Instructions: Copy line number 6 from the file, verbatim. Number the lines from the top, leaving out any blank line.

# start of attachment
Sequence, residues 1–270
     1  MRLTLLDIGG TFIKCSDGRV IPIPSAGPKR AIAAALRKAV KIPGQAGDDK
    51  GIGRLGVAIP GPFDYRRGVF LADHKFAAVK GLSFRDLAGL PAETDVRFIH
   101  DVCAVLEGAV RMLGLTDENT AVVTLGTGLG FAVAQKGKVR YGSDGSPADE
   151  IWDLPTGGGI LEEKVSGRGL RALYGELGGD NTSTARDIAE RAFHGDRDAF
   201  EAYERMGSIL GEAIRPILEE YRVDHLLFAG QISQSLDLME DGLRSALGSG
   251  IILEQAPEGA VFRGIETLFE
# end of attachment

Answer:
   201  EAYERMGSIL GEAIRPILEE YRVDHLLFAG QISQSLDLME DGLRSALGSG